What's the Best Way to Solve the Carmelo/Amar'e Chemistry Problem for NY Knicks?

Ethan Sherwood Strauss@SherwoodStraussNBA Lead WriterAugust 16, 2012

NEW YORK, NY - MAY 06:  (L-R) Carmelo Anthony #7  and Amare Stoudemire #1 of the New York Knicks walk off the court after they won 89-87 against the Miami Heat in Game Four of the Eastern Conference Quarterfinals in the 2012 NBA Playoffs on May 6, 2012 at Madison Square Garden in New York City. NOTE TO USER: User expressly acknowledges and agrees that, by downloading and or using this photograph, User is consenting to the terms and conditions of the Getty Images License Agreement  (Photo by Jeff Zelevansky/Getty Images)
Jeff Zelevansky/Getty Images

To Amar'e's highly apostrophe'd credit, he's working on it. Stoudemire has been working with Hakeem Olajuwon this summer, honing a post game that would diversify the Knicks' offense. He was even kind enough to give a little preview on his YouTube channel. 

Say what you will about Stoudemire's defense, the man works hard at improving his game. Back in Phoenix, after a knee injury robbed STAT of some explosiveness, he fashioned a sweet midrange jumper out of nowhere. Now that a recent back injury is further infringing on his game, Amar'e has gone back to the drawing board, and into Hakeem's offices.

This is a great decision because Stoudemire's game is predicated on pick-and-roll actions with a ball-dominant point guard. The Knicks just jettisoned their ball-dominant PG (Hey, remember Jeremy Lin?) and have decided to eschew the ways of Mike D'Antoni ball.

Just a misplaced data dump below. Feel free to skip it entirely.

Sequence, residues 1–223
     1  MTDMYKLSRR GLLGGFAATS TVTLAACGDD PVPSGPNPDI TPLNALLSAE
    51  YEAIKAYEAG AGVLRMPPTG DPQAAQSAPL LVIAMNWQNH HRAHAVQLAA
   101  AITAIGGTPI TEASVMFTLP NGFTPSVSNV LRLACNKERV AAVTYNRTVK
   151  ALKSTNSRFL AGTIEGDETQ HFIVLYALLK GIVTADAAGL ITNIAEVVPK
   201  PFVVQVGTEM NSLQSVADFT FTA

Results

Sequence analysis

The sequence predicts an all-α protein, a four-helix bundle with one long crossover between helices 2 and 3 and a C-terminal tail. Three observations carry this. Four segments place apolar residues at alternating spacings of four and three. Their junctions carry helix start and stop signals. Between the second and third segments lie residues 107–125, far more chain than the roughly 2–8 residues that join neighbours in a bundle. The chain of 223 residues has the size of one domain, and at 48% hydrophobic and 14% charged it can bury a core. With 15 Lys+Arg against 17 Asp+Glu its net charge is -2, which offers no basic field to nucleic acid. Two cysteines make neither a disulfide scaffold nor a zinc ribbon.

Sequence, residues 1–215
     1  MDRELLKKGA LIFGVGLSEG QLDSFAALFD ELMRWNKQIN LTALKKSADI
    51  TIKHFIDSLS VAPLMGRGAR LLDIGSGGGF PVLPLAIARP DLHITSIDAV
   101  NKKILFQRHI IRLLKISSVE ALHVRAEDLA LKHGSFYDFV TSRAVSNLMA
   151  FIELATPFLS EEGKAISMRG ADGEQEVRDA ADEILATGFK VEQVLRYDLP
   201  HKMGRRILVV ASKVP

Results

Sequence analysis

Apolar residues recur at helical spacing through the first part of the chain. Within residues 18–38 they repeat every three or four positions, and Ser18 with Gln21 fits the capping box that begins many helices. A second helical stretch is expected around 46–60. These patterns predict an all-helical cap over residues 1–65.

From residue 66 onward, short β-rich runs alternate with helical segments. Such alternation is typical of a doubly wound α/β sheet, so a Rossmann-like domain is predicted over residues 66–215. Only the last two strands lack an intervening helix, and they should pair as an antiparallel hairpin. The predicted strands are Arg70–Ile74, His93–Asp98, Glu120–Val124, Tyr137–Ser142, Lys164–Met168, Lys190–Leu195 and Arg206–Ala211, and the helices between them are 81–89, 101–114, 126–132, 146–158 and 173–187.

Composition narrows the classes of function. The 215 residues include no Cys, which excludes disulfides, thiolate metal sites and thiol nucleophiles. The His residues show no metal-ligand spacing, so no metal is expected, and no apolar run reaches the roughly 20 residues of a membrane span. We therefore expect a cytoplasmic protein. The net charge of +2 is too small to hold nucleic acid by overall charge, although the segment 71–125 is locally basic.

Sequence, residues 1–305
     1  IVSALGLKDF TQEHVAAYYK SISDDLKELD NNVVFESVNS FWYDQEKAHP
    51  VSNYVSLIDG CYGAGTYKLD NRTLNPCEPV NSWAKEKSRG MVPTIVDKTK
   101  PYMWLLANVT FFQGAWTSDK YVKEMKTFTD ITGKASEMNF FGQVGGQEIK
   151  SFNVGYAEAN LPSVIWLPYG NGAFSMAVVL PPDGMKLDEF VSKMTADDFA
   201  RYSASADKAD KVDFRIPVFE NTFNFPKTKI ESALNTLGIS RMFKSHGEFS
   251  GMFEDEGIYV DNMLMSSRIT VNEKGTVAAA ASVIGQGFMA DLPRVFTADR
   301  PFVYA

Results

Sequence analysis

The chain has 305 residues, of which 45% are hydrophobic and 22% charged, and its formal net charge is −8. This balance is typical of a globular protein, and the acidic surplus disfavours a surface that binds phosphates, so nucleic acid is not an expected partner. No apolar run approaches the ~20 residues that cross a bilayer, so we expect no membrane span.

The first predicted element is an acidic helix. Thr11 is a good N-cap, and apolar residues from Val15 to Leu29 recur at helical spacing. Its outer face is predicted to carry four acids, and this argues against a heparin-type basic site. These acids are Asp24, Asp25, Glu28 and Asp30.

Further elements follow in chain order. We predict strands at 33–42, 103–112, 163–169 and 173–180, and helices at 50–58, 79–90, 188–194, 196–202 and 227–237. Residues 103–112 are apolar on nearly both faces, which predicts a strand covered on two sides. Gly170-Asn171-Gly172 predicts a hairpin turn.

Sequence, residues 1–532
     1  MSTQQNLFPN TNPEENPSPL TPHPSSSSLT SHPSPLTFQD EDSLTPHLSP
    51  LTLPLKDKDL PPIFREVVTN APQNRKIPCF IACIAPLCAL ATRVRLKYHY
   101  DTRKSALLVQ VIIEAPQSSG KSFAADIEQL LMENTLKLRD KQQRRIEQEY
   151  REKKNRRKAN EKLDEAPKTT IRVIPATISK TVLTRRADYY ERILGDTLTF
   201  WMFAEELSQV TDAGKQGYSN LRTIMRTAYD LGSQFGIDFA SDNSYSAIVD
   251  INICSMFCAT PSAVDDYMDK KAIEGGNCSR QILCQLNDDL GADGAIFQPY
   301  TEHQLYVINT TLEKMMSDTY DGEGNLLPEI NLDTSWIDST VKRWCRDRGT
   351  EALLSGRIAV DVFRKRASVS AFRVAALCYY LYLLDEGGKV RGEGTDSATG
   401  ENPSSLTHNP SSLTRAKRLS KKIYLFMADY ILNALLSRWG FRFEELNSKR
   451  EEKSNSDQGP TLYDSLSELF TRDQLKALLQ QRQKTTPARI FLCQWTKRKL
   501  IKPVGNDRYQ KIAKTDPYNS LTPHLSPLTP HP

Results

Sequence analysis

We are now fully in a New York era of Melo ball. This means a slower attack, with more Carmelo Anthony isolations. Though Melo is not point guard, he is a bit more comfortable creating for Amar'e' out of these isolations. 

STAT found space with a cut on the above play, but it provides a glimpse into what the Knicks can accomplish in a '90s isolation-heavy offense. Carmelo Anthony is at his most productive when playing as a bruising power forward. The closer Melo gets to the hoop, the more effective he is.

Since Anthony isn't good at running any kind of pick-and-pop action, it's probably best if Stoudemire works closer to the basket as well. He's been working on a spin move with with Hakeem to find space near the bucket. In Howard Beck's New York Times piece on the lessons, Olajuwon gushes: 

"His spin is becoming so sharp and crisp. He could spin all day. He loves it.”

With that spin, STAT could find himself some easy lobs in the Knicks' offense. He could also create for himself on a team that lacks distributors. Lin is gone, and New York's best imitation of a point guard is the holy mess of Raymond Felton and Jason Kidd.

For the offense to function, Amar'e must feed himself. His old game of mid-range jumpers is quite dependent on a savvy passer finding the shooter at the right time. Setting up in the post is a bit different. It merely requires an entry pass. 

The hope is that the Knicks could create something similar to that bruising Grizzlies attack with Marc Gasol and Zach Randolph. The Memphis big men do not operate with a lot of space, but they make the most of it.

The iso-Knicks are sacrificing space for a more deliberate offense. They will need to make the most of what little space they have, and a new post-game for Amar'e Stoudemire is a fantastic start.